Authors
Thomas W. Pogge
Yale University
Abstract
The debate about the Sustainable Development Goals, which are to replace the Millennium Development Goals when they expire in 2015, is moving very quickly. Weighing in on this debate, we argue that if the SDGs are to be as effective as they can realistically be, concrete responsibilities must be assigned to specific competent actors, measurement methods involved in development targets must not be allowed to be changed midway, and the tracking of progress must be left to independent experts. New development goals should aim for inequality reduction, a more comprehensive view of poverty, and, most importantly, systemic reforms of global institutions. The world will not make decent progress against poverty until the most powerful agents accept real action commitments, not only in the marginal area of development assistance, but in all their policy and institutional design decisions, at both the domestic and especially the supranational level. We end with eight examples of institutional reform goals – ranging from deterring trade barriers to mitigating the effects of lost corporate tax revenues on poor populations – that should be included in the new list.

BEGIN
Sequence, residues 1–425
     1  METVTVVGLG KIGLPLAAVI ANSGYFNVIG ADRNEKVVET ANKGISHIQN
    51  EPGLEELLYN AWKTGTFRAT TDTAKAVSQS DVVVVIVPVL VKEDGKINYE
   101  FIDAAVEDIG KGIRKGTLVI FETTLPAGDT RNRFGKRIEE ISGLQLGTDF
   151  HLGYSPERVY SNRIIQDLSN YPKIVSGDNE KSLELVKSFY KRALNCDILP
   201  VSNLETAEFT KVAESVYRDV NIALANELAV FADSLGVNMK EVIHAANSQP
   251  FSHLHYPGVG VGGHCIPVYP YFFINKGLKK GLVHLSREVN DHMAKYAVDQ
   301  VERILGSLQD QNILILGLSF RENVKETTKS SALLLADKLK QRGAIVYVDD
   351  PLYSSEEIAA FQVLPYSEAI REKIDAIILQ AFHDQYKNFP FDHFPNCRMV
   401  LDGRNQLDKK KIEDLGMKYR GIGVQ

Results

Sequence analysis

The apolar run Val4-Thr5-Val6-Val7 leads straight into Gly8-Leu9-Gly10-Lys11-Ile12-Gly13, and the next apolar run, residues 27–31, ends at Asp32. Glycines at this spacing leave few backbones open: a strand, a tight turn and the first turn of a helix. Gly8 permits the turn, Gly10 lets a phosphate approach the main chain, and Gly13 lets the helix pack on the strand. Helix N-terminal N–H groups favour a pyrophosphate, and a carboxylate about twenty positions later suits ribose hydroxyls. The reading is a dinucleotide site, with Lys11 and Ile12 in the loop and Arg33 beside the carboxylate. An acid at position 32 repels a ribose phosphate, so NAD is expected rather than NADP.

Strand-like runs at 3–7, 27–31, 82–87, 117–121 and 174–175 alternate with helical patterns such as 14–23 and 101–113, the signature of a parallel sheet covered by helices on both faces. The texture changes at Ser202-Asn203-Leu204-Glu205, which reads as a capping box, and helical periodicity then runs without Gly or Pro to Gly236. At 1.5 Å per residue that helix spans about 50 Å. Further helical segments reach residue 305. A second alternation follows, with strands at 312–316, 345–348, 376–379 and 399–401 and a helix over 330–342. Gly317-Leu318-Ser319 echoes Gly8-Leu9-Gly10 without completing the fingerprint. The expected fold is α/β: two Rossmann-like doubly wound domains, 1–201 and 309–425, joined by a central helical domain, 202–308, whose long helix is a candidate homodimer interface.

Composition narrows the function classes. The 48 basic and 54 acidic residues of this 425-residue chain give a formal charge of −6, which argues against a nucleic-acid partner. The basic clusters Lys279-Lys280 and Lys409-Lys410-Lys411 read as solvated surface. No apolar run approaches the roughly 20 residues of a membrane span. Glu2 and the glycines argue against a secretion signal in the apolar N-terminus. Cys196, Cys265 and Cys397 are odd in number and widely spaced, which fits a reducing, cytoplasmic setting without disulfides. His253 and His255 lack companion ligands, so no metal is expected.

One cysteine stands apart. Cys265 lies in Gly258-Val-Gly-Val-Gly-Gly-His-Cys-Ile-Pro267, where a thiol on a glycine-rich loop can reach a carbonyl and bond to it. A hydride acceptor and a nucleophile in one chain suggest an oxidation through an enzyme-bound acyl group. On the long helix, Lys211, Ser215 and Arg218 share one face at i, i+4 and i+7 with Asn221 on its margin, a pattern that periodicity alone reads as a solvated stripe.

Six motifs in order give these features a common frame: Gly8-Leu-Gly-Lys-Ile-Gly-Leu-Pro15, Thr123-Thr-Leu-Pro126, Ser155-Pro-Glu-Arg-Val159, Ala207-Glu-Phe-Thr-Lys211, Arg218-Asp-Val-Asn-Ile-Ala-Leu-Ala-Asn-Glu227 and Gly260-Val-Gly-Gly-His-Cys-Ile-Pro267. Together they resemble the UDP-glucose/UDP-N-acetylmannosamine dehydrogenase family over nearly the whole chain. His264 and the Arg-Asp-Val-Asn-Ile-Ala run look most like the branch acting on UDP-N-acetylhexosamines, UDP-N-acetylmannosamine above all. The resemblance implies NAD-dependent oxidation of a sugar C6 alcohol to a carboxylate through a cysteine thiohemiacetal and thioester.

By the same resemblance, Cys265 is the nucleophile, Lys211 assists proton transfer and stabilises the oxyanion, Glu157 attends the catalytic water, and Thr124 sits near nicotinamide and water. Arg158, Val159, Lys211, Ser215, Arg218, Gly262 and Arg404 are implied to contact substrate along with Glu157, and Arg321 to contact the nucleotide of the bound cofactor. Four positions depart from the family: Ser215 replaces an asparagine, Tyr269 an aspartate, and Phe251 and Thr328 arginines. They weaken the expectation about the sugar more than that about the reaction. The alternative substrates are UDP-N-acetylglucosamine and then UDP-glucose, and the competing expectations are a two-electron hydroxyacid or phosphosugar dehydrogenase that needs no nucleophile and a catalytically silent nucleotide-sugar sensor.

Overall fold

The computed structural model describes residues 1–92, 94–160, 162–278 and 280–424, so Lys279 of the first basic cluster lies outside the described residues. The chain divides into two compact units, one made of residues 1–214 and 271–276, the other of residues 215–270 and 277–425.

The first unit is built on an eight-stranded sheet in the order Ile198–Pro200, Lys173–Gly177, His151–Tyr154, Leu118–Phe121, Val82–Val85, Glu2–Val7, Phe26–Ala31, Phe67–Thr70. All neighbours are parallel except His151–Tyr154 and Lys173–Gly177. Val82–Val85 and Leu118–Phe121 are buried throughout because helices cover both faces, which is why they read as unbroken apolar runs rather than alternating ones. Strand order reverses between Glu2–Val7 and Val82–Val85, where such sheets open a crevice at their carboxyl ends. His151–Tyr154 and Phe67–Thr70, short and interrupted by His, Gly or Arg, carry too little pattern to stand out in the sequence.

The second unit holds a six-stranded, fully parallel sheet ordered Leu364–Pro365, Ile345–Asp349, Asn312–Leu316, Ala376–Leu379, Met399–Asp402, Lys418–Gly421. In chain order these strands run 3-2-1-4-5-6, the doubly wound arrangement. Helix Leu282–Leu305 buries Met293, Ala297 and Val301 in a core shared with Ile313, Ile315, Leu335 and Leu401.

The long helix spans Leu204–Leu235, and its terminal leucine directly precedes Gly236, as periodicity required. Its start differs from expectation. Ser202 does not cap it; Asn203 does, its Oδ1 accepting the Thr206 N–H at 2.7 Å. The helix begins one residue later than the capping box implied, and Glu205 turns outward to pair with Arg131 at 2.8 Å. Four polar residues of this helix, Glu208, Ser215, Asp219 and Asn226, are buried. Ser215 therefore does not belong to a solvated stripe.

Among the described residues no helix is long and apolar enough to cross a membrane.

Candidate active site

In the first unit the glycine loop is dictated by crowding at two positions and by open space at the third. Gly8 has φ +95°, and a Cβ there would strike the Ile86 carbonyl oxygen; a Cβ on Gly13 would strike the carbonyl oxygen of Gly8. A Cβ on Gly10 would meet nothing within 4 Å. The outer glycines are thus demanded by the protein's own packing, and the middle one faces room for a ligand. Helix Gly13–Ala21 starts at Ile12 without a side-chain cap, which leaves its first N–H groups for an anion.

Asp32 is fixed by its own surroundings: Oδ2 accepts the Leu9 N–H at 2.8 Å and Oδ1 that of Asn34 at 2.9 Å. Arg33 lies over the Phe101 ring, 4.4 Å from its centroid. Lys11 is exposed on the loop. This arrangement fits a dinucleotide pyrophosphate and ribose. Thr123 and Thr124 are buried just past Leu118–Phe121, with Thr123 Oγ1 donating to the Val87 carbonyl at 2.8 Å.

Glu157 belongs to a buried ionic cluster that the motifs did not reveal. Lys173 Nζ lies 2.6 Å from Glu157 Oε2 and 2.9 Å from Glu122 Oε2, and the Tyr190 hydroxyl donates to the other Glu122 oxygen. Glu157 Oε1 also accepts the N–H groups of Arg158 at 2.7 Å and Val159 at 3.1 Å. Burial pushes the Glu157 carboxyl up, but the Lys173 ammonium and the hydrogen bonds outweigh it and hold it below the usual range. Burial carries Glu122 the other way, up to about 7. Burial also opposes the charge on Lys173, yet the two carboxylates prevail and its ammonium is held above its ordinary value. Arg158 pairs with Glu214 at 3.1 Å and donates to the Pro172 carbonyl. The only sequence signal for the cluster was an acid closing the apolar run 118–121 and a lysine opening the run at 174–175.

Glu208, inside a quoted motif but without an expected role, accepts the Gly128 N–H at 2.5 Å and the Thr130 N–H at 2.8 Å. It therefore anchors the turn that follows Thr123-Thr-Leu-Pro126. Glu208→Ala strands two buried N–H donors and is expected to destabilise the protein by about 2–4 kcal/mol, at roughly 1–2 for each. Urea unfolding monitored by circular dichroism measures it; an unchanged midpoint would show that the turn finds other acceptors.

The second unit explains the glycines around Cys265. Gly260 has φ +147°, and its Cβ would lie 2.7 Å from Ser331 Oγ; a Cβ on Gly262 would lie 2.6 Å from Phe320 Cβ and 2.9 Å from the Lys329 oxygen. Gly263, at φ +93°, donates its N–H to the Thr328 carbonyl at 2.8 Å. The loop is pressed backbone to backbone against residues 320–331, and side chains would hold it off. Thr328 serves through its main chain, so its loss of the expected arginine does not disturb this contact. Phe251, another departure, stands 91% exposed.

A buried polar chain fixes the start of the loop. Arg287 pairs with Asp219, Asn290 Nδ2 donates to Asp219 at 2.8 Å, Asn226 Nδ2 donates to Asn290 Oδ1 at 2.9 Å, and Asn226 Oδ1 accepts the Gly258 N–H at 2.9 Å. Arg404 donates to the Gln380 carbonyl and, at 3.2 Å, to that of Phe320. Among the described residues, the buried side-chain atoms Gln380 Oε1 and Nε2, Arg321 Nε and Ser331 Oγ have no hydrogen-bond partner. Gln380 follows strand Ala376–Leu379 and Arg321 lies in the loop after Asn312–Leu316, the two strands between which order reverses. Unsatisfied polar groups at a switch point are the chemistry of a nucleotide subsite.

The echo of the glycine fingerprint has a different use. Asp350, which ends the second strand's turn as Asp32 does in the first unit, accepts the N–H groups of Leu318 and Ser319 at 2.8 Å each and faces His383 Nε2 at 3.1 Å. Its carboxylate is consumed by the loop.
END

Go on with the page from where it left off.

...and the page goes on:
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DOI 10.21248/gjn.7.0.43
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